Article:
Chinese Grammar vs English Grammar in Universal Dependency
Chinese Grammar VS English Grammar
in Universal Dependency
Hang Jiang, Jinho D. Choi, PhD
Department of Mathematics and Computer Science, Emory University, Atlanta, GA, USA 30322
The aims of UD
• Provide a concise generic set of features that are important to analyze different
• Annotate different corpus consistently across languages with some extensions on
some specific languages.
• This eventually makes parsing more accurate and easier
Status of UD
• 47 languages and dialects have had their own treebanks
• Chinese as the most spoken language of the world is excluded.
In this project, we are going to to compare the difference between Chinese and
English in UD in order to set up basic differences in building up Chinese treebank in
Motivation for UD
Different from people’s intuition, English and Chinese have similar basic grammar
that can be explained by Universal Grammar. English share similar structures with
• Core dependents of clausal predicates (objects, subjects and complements but not
• Root, coordination and loose joining
Those dependents and some other similar dependents basically show UD can be
applied to Chinese.
A good example can be shown below.
Fig.2 The graph representation shows that the Chinese and English sentences have highly corresponding dependency relation with each
other in many cases..
• The dependency relation is amazingly similar in a word-to-word level for both
Chinese and English sentences.
English Structures fit Chinese
English has many distinctive that features make us wonder whether English has
brought some extra UD relations to UD that other languages may not need.
English grammar show dramatic differences from that of Chinese mainly in (not
• noun dependents (acl, det)
• non-core dependents of clausal predicates (nmod, advmod, neg)
• special clausal dependents (vocative, aux, mark, discourse, auxpass, expl)
• case markers (case).
Of expression is a good example.
Fig.3 An alternative way of saying ‘the weather office won’
• In English, of expression’s corresponding structure doesn’t exist in Chinese.
However, the regular noun modifiers are often followed by de (的), which is also a
case relation. So there still exists case relation in Chinese.
However, the following example is an exception found in our project.
Fig.4 The expletive it in English doesn’t exist in Chinese.
• The expletive it doesn't exist in Chinese at all. Instead Chinese has pro-dropping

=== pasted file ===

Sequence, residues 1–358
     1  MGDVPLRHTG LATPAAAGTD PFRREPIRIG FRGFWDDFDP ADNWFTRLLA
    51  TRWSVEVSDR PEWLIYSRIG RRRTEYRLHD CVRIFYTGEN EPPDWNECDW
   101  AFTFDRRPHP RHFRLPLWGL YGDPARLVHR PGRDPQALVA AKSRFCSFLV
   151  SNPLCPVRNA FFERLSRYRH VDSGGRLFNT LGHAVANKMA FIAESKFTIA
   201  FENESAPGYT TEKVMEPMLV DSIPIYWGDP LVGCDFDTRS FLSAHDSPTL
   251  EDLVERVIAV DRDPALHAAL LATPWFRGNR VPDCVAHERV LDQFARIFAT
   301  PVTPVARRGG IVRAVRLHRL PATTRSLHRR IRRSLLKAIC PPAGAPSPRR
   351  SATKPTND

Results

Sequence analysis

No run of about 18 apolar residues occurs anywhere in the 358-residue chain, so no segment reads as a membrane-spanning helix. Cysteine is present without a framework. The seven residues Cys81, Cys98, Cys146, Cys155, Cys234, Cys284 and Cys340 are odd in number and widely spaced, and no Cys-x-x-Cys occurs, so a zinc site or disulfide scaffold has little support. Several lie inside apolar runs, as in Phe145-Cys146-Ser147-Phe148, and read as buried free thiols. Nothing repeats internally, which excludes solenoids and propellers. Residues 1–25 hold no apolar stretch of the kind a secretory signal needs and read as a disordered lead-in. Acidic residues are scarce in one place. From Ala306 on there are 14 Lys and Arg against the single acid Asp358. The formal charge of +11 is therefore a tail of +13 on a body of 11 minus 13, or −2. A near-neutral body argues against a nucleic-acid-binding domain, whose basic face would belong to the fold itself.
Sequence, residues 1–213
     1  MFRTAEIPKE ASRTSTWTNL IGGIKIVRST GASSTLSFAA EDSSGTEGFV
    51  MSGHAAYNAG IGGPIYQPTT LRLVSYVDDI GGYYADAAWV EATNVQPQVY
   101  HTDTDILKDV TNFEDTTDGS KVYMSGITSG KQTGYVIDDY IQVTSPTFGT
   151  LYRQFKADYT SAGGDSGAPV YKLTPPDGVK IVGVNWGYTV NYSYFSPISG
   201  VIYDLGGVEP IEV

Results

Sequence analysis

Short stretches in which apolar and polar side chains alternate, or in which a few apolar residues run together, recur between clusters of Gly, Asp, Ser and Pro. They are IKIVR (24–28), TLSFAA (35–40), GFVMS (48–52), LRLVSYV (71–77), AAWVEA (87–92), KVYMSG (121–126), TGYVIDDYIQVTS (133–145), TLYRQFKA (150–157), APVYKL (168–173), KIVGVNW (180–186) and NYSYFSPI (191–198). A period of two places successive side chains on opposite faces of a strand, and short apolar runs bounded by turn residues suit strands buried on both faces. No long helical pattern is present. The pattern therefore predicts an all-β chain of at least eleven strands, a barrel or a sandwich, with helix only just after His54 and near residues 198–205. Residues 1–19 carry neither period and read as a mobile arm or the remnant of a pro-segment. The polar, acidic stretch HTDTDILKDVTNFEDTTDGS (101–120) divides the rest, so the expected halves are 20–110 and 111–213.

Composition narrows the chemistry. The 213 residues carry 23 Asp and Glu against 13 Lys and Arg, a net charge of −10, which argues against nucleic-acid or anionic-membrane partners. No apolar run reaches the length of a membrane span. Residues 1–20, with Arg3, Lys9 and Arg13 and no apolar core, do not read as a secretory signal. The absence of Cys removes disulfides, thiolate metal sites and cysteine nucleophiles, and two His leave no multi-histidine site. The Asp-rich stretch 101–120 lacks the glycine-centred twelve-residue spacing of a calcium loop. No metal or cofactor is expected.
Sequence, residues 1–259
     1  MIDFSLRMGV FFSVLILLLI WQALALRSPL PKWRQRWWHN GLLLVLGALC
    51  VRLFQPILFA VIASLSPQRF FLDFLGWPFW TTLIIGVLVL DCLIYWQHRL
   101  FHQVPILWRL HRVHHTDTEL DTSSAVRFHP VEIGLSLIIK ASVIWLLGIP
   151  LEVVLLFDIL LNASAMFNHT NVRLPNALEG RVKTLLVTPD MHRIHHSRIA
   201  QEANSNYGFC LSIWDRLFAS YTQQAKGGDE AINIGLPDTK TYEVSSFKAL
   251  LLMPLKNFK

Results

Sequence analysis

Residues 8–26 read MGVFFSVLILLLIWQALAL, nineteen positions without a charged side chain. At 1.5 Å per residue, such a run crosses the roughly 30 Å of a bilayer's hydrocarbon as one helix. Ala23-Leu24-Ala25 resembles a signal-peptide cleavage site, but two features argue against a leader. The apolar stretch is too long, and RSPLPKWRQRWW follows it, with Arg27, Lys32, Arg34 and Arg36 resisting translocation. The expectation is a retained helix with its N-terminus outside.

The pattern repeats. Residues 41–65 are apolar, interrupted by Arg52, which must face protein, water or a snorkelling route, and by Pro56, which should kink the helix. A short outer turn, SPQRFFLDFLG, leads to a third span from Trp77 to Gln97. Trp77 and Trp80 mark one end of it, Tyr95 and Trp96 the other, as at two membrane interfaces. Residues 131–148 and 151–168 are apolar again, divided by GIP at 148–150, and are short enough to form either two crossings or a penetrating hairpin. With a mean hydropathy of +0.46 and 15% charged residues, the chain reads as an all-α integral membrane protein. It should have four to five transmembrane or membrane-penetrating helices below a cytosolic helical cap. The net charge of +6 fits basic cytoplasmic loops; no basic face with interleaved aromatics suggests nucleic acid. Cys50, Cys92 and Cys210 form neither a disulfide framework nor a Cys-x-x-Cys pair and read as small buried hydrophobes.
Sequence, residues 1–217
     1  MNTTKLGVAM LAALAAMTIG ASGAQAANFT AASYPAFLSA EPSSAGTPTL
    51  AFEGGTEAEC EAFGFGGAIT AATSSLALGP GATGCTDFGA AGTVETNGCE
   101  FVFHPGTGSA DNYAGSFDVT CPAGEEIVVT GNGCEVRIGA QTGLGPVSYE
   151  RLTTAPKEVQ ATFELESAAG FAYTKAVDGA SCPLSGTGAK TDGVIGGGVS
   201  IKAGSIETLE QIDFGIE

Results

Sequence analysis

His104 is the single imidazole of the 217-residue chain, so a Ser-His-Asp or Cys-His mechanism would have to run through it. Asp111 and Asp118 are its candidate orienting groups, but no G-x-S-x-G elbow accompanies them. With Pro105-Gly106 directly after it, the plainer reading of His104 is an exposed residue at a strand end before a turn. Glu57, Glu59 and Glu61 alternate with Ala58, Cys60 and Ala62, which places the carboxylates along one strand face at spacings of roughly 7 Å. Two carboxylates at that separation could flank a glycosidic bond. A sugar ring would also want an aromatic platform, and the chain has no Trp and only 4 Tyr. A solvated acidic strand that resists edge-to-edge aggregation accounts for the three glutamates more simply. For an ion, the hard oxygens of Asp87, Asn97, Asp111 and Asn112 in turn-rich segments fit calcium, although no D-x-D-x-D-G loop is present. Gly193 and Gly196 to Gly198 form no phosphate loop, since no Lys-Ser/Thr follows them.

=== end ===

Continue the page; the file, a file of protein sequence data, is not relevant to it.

and assumes the subject is weather in this context. However, it is still indisputable
that expl is necessary across languages.
• As a result, UD relation is considered very concise and generic after comparing
Chinese and English grammar.
English UD Examples unfit Chinese
Chinese has many different structural features compared with English. However, those
features are mainly distributed in (not limited to):
• noun classifiers
• prepositions, postpositions
• adjectives, comparatives
• aspect marker
Below are two Chinese examples with clear dependency relation.
1. The first example here is about consecutive verb use in Chinese.
Fig.5 Corresponding English to this example should be “He walks up (to somewhere).”
• The phenomenon of the consecutive use of verbs in Chinese can actually be treated
as asyndetic conjunction, which means the coordinating conjunction is omitted.
Chinese Structures Missing in UD examples
2. The use of prepositions and postpositions in Chinese
Fig. 6 The sentence means that “At school, I am always criticized.”
• 在(at) and 里(inside) are respectively preposition and postposition in Chinese.
Nevertheless, Ba sentence is the exception and we have to assign an ambiguous dep to
it. See the example in Fig.7.
Fig.7 English translationis that “It was I that let John finish and check homework for one time.”
• In this SOV ba sentence, it is not possible to treat ba as a preposition and assign a
case relation to ba and John(约翰) because every word can only have one head in
dependency relation. As a result, the isolated ba has to be dep related to the verb
• Show that UD is robust and basically compatible with Chinese
• Find out that ba sentence as a counterexample that Chinese doesn’t fit UD relation
• Provide clear relations, instead of dep, to Chinese distinctive structures in order to
better adapt UD to Chinese compared with Stanford parser
• Explore in more details how UD can be adapted to fit Chinese by adapting
universal features and POS tags to Chinese morphology
• Build up a comprehensive guideline for Chinese UD and then construct Chinese
Contributions and Future Work
• Choi, Jinho D., and Martha Palmer. Guidelines for the Clear style constituent to
dependency conversion. Technical Report 01-12, University of Colorado at
• De Marneffe, Marie-Catherine, and Christopher D. Manning. "The Stanford typed
dependencies representation." Coling 2008: Proceedings of the workshop on Cross-
Framework and Cross-Domain Parser Evaluation. Association for Computational
• McDonald, Ryan T., et al. "Universal Dependency Annotation for Multilingual
Parsing." ACL (2). 2013.
• This research was supported by Emory NLP in terms of its assistance with Emory
NLP demo. See http://nlp.mathcs.emory.edu/.
Reference & Acknowledgement
English Spanish French Hindi Arabic
Tokens # 254K 423K 389K 351K 282K
16K 16K 16K 16K 7K
Fig.1 The size of UD structures for some languages
UD (Universal Dependency) is an annotation scheme for multilingual dependency
structures, providing universal grammar.
• Dependency relation is a linguistic relation discussing mainly the notions of
subject, object, clausal complement, noun modifier, noun determiner and so on.
• Therefore, UD has a set of syntactic rules to label relations of words by